“Synchronization in translation for dubbing: implications for its automation.”
Frederic Chaume, Full Professor of Audiovisual Translation at Universitat Jaume I (Spain)
Synchronization (or lip-sync, also spelled lip-synch) is one of the key factors in audiovisual translation, especially in the context of dubbing. Although it is often considered as the distinguishing feature of dubbing, it is only one of several important aspects such as the ‘natural’ reproduction of a prefabricated oral discourse or the translation problems posed by the interaction between image and word. If we take a look at the research on lip-sync, it is regarded as an urgent, vital issue, as can be seen from the wide range of publications on the subject. Beyond doubt synchronization has a direct impact on the translation process and product, and as such, puts all the translator’s creative skills to the test. Dubbing is a well-known example of the invisibility of translation, an artistic and technical exercise that intentionally replaces the original dialogue track with a new track on which target language (TL) dialogue exchanges are recorded. In contrast to voice-over for example, the emphasis in dubbing lies in matching the translation to the silent mouths of the original actors. The result is that viewers watch and hear foreign actors speaking in the viewers’ own language, a paradox which has been naturally accepted in all dubbing countries. This talk will deal with the definition and scope of synchronization in the audiovisual translation field, will explain the three main synchronization types, will tackle issues related to different language pairs combinations and will present the last efforts carried out by some start-ups and research groups to automate this technical and artistic process. The talk will be illustrated with clips from films and TV series dubbed into six different languages.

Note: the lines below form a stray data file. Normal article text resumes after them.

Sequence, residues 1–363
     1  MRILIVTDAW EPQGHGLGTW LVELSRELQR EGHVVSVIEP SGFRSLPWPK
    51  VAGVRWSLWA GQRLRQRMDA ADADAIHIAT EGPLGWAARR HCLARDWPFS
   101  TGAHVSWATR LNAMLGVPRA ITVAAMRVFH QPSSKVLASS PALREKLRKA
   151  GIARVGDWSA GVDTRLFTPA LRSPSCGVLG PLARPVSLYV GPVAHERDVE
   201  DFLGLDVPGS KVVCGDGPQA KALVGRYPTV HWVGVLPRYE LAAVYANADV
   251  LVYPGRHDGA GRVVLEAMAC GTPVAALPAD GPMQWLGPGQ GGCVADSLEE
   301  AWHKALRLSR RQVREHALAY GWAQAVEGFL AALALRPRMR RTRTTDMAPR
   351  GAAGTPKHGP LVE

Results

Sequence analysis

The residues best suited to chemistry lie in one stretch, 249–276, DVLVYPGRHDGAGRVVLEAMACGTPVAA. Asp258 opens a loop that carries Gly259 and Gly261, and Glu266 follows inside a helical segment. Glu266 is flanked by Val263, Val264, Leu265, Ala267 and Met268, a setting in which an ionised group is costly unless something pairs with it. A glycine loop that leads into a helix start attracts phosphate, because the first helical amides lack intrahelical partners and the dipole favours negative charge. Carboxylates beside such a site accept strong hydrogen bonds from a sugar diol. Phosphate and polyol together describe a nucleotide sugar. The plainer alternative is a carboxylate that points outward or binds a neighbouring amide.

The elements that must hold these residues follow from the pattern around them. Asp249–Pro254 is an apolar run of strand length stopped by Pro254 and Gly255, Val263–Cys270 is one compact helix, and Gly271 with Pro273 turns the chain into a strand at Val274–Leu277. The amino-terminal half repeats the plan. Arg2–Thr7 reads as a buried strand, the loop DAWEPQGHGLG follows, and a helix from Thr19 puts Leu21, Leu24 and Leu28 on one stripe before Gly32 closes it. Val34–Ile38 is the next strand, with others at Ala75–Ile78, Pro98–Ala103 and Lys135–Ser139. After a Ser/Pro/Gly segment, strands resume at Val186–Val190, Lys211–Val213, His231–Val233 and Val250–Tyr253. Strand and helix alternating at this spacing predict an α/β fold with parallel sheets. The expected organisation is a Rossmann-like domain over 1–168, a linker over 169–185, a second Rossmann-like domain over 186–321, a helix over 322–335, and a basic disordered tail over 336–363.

Frederic Chaume is a Full Professor of Audiovisual Translation at Universitat Jaume I (Spain), where he teaches audiovisual translation theory and translation and adaptation for dubbing; and Honorary Professor at University College London (UK), where he teaches translation and adaptation for voice-over and dubbing, Universidad Ricardo Palma (Perú) and Universidad Peruana de Ciencias Aplicadas (Perú). He is author of eight books and has also coedited two books and three special journal issues (Textus, Perspectives, Prosopopeya).